In a brief, emotionally subdued meeting yesterday, a commanding majority of Baltimore Bancorp shareholders voted to sell their company to First Fidelity Bancorp., of Lawrenceville, N.J., for $346 million in cash.
The deal, worth $20.75 a share, is expected to close by the end of this year or early next year, soon after all regulatory approvals are received.
At that time, Baltimore will bid farewell to the 176-year-old company and its main subsidiary, the Bank of Baltimore, and welcome the nation's 24th-largest banking company, with a combined $35 billion in assets and just under 700 branches in five East Coast states.
Yesterday's vote, at the company's former headquarters RTC building at Charles and Baltimore streets, brought a favorable response from 99.5 percent of those who cast a ballot, and from 77.3 percent of all out standing shares. It capped a tumultuous final four years that saw a management coup, near financial collapse, and the dramatic resurrection of what was Maryland's fifth-largest banking company.
"Although in a lot of respects I won't be doing too badly in this, I am a bit saddened that I won't be the CEO of a banking company anymore," said Chairman and Chief Executive Edwin F. Hale Sr.
"I have not enjoyed the last six months, because it's been like being a lame duck chairman," he said.
But as for his entire term, "It's been a roller coaster ride, and I've enjoyed it greatly."
The trucking and shipping executive took the reins of Baltimore Bancorp in late 1990 after waging a successful proxy fight against the prior management.
Mr. Hale rode in on a wave of shareholder anger against a management that rejected a $17-a-share takeover offer from First Maryland Bancorp in April 1990.
Numerous takeover bids came in almost from the day the company revealed serious problems in its loan portfolio that led to a $126.5 million loss in 1991, Mr. Hale said yesterday.
"We got some 'vulture' offers early on," he recalled, including bids as low as $6 and $7 a share. "We declined them because we knew we had a lot of work yet to be done."
Several shareholders questioned yesterday why the deal was negotiated for all cash, which is taxable, as opposed to an exchange of stock.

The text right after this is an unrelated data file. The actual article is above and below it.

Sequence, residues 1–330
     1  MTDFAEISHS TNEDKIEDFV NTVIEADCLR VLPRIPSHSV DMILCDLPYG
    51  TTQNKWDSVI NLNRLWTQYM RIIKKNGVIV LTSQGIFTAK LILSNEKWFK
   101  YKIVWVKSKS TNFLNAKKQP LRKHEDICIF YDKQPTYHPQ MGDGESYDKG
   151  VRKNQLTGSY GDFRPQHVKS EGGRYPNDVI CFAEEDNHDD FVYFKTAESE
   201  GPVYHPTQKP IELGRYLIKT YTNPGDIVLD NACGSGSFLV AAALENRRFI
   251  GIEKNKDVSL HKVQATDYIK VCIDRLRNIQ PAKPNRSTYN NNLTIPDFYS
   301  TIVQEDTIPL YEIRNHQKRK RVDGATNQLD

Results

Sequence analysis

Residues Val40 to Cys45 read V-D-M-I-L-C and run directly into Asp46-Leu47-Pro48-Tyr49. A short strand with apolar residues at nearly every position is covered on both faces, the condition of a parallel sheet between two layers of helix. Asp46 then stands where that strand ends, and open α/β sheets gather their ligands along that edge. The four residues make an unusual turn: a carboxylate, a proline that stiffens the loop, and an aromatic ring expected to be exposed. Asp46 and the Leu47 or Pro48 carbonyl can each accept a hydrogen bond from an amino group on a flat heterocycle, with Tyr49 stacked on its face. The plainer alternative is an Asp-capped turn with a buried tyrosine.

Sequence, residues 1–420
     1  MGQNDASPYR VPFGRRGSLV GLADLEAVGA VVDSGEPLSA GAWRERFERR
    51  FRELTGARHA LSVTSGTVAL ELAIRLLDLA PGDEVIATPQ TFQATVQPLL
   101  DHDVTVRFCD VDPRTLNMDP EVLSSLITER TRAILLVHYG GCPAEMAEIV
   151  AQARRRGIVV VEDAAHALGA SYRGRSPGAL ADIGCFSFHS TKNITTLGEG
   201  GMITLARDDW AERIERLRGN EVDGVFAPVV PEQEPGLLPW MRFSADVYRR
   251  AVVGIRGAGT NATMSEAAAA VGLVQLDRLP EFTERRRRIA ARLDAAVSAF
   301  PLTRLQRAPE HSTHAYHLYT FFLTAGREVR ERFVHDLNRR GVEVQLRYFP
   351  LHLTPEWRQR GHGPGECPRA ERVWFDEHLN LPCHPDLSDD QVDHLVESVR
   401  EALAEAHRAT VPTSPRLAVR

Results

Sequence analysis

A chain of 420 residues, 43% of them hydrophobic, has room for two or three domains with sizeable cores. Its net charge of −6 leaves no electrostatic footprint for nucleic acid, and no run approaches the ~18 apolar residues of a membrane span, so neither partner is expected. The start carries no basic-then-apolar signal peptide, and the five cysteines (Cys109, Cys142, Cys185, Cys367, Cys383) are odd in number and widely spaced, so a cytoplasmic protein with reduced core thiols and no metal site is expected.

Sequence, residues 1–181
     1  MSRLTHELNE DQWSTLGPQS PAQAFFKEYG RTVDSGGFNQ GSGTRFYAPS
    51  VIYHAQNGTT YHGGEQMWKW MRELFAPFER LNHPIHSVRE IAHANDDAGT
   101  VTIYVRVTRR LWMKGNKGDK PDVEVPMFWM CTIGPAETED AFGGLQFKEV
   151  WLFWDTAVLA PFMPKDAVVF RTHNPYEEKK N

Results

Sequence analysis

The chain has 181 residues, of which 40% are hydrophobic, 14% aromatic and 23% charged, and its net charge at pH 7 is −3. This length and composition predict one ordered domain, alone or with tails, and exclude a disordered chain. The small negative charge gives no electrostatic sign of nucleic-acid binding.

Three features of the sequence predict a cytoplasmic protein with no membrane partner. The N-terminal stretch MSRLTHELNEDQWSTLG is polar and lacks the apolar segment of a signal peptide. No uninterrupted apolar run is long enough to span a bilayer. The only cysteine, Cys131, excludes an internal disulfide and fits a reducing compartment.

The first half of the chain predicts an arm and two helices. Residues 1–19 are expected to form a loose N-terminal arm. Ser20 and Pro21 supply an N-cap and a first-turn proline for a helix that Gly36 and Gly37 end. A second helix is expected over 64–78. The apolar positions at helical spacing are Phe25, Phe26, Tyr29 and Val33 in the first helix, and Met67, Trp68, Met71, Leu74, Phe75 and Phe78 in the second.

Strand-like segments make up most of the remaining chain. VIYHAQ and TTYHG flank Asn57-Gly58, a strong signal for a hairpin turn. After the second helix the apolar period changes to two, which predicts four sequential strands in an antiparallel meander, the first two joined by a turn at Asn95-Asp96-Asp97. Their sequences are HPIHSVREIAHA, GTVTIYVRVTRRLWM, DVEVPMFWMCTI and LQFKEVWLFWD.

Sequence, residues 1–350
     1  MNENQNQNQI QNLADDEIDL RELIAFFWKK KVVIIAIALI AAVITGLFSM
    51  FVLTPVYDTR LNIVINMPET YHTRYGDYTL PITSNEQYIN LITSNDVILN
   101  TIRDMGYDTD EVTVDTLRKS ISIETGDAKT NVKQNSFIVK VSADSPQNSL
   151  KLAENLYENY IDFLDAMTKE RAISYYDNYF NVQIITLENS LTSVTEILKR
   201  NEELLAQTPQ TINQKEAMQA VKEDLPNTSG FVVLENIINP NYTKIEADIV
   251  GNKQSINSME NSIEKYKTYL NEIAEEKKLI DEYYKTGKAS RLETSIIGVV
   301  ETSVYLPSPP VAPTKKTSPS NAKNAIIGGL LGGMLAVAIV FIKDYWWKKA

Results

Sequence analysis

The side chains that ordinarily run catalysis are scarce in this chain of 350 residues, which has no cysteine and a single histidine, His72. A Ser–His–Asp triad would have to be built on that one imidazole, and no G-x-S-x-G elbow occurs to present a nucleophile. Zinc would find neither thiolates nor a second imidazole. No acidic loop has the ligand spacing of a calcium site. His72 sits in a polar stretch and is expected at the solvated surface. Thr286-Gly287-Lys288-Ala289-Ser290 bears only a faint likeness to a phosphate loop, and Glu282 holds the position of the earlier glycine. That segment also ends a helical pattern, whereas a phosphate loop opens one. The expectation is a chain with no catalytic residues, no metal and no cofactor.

"I happen to agree with you. I would've preferred stock," Mr. Hale said to one shareholder. He stands to make about $6 million in stock and stock options, as well as some severance payments.
At first the companies envisioned a 50-50 mix of stock and cash, he explained, but First Fidelity ultimately rejected a stock transfer. "As the negotiations went along, it became clear that cash was the only way the deal was going to get done at 2.1 times book value."
Shareholder Howard Kuehn of Linthicum said he has been a customer of the bank and its predecessor company, the Savings Bank of Baltimore, for about 45 years. "What's going to happen to my bank?" Mr. Kuehn asked Mr. Hale after the meeting.
First Fidelity has promised to bring a wider range of products and services, Mr. Hale countered, "and I believe them."
The company already has moved to make its services available seamlessly across state lines, in advance of the national interstate banking law Congress passed this year, but which won't take effect until 1997.
Mr. Hale also recalled statements from First Fidelity that it planned to move one or two important functions to Baltimore, which should make up for some of the expected 300 or so job losses.
In March, when the proposed acquisition was unveiled, First Fidelity's vice chairman and chief financial officer, Wolfgang Schoellkopf, said "the most obvious" possibility for a move to Baltimore is First Fidelity's mortgage company, which is roughly the same size as Baltimore Bancorp's mortgage operation.